While few truly independent travelers look forward in rapt anticipation to a guided tour, many will admit to a pang of curiosity (or, as the times would have it, FOMO) when they overhear a gifted guide explaining the history and context of a place. Even those who love wandering around on their own have likely experienced the benefits of an intimate small-group tour with a local expert.
If this seems familiar at all, and you are considering hiring a guide on an upcoming trip, here are some questions to ask before booking a tour.
1. Is the tour tailored to beginners or experts?
If you are going on a specialty tour (history, art, cooking) and you already know a lot about the subject, you might be bored silly by information that a non-expert would find fascinating. The reverse also applies; dense art historical information may not appeal to a lay person, for example.
2. Does the tour guide speak throughout, or is it an audio tour with headphones or other media?
Will you be learning from an individual or listening to a taped expert played over headphones? Each has its pros and cons; the former is ideal if you like to ask lots of questions and interact with an expert, while an audio guide allows you to customize the volume and go at your own pace.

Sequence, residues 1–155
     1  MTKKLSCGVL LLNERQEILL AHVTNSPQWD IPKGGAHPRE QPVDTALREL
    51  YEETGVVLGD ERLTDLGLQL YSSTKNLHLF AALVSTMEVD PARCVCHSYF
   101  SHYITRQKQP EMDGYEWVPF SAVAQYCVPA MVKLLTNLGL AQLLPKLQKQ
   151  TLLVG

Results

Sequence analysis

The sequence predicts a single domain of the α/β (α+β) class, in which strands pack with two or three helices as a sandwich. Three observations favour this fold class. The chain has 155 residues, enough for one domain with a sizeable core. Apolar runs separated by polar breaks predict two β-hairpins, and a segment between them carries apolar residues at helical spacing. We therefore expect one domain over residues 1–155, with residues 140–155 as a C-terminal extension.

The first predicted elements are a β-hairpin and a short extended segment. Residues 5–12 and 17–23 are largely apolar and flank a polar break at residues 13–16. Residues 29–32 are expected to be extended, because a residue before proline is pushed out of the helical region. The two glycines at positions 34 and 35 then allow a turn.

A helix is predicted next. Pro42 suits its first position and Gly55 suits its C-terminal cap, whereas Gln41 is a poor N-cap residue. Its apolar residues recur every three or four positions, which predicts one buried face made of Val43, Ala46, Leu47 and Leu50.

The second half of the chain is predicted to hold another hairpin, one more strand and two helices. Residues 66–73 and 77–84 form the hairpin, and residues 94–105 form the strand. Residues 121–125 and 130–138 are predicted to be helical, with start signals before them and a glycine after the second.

3. Who is your guide?
Are the guides locals? Trained historians? Degreed naturalists? Whoever the company could find who needed a job? The personality and knowledge of your tour guide can make all the difference.
4. In what language(s) will the tour be given?
Clearly you will want the tour to be given in a language with which you have a degree of fluency so you won’t miss any important points. If the tour will be given in more than one language, you may want to ask if one language will be considered the main one for the tour. For some tours, translating to several languages can reduce the amount of time and detail the tour guide can give you, and often the information in one language is more cursory than another.
5. Is it all-inclusive, or will you have to pay additional admission fees?
If you will be visiting attractions during the tour, the price of the tour may be completely separate from the admission to those attractions. Be sure you budget for such additions so you don’t miss out on part of the tour.
Another way to ask this: What is not included?